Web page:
Which leads me to working on releasing into intent rather than Trying. Physically, it was most obvious in my grip. The goal is to use intent rather than force so that you are sensitive with your grip, and can be responsive. However, I was Trying so hard to hang on that some muscles in my hand are really sore tonight. Well, it’ll be a good reminder tomorrow when we work on that some more!

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Mar 14 2010

Reflections on the Three Days with Group One

I cannot believe how tired I was at the end of the three days. I went to bed about 2 hours earlier than I usually do, and that’s after I was falling asleep at the dinner table, even though Maria and Peppe had an AWESOME dessert for us (meringue with cream, bananas and blueberries)!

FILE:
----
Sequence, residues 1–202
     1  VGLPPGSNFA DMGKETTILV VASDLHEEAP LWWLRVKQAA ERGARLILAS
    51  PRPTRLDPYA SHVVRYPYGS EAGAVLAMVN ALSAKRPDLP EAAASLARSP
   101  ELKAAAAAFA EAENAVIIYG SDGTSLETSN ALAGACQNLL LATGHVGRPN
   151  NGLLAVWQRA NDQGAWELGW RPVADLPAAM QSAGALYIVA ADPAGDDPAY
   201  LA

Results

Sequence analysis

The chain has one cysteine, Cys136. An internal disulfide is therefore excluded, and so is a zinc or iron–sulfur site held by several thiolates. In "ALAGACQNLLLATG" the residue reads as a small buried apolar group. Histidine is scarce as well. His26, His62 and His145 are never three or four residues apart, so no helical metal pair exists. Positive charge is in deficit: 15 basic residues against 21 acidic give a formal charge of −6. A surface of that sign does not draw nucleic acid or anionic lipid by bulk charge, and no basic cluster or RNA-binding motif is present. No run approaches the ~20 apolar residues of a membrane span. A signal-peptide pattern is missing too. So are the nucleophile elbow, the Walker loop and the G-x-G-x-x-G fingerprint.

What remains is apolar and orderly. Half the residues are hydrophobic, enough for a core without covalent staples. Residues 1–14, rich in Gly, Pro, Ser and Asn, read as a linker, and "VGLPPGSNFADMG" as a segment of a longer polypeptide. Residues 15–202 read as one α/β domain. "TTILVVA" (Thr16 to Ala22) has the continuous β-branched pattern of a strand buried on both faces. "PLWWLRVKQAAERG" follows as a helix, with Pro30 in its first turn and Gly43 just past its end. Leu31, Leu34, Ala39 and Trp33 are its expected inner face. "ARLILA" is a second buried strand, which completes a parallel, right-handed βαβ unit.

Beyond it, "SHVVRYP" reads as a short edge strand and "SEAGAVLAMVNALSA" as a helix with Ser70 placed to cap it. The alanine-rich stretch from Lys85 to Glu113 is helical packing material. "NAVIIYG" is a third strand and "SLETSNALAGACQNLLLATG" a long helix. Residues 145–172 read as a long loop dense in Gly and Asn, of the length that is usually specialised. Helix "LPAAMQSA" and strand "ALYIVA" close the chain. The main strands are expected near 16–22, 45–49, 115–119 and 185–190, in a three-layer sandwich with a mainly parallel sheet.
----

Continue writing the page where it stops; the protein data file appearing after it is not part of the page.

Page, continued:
Over the last three days, there’s been a great deal of personal growth which is then reflected in my work, and vice versa. We’ve spend a lot of time addressing habitual patterns. Looking at them, accepting them, and then introducing new patterns, new possibilities. This was really clear to me in the footwork drills. With my many years of dance, I don’t think about my footwork too much, my feet usually just take care of themselves. During this exercise, though, we were being asked to move in a different way, nothing big, but a subtle difference in the co-ordination and sequence of the use of the foot, hip, and head. It was so hard! I’m rather surprised by how difficult it was for me to use the new movement. I had to very clearly slow down and think about it. It was very interesting to come up against so much resistance, but rewarding because now I have some new options for movement and storytelling.